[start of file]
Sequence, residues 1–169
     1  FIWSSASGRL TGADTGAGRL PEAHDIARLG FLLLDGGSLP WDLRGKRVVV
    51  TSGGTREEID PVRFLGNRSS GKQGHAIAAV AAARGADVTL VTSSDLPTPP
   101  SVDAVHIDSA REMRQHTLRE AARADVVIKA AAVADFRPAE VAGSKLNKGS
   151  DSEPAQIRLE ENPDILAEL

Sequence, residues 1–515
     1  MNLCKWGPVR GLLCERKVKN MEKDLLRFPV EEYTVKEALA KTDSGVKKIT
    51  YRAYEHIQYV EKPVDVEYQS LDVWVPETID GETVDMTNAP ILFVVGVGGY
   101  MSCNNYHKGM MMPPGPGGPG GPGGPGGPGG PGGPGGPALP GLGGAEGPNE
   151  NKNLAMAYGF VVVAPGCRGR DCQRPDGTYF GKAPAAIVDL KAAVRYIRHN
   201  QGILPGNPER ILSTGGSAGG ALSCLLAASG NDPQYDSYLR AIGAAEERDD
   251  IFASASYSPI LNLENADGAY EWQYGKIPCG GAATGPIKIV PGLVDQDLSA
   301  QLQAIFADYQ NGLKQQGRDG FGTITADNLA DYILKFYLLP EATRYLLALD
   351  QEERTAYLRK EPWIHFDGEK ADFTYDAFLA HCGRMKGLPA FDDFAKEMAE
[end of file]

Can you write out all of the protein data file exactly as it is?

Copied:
Sequence, residues 1–169
     1  FIWSSASGRL TGADTGAGRL PEAHDIARLG FLLLDGGSLP WDLRGKRVVV
    51  TSGGTREEID PVRFLGNRSS GKQGHAIAAV AAARGADVTL VTSSDLPTPP
   101  SVDAVHIDSA REMRQHTLRE AARADVVIKA AAVADFRPAE VAGSKLNKGS
   151  DSEPAQIRLE ENPDILAEL

Sequence, residues 1–515
     1  MNLCKWGPVR GLLCERKVKN MEKDLLRFPV EEYTVKEALA KTDSGVKKIT
    51  YRAYEHIQYV EKPVDVEYQS LDVWVPETID GETVDMTNAP ILFVVGVGGY
   101  MSCNNYHKGM MMPPGPGGPG GPGGPGGPGG PGGPGGPALP GLGGAEGPNE
   151  NKNLAMAYGF VVVAPGCRGR DCQRPDGTYF GKAPAAIVDL KAAVRYIRHN
   201  QGILPGNPER ILSTGGSAGG ALSCLLAASG NDPQYDSYLR AIGAAEERDD
   251  IFASASYSPI LNLENADGAY EWQYGKIPCG GAATGPIKIV PGLVDQDLSA
   301  QLQAIFADYQ NGLKQQGRDG FGTITADNLA DYILKFYLLP EATRYLLALD
   351  QEERTAYLRK EPWIHFDGEK ADFTYDAFLA HCGRMKGLPA FDDFAKEMAE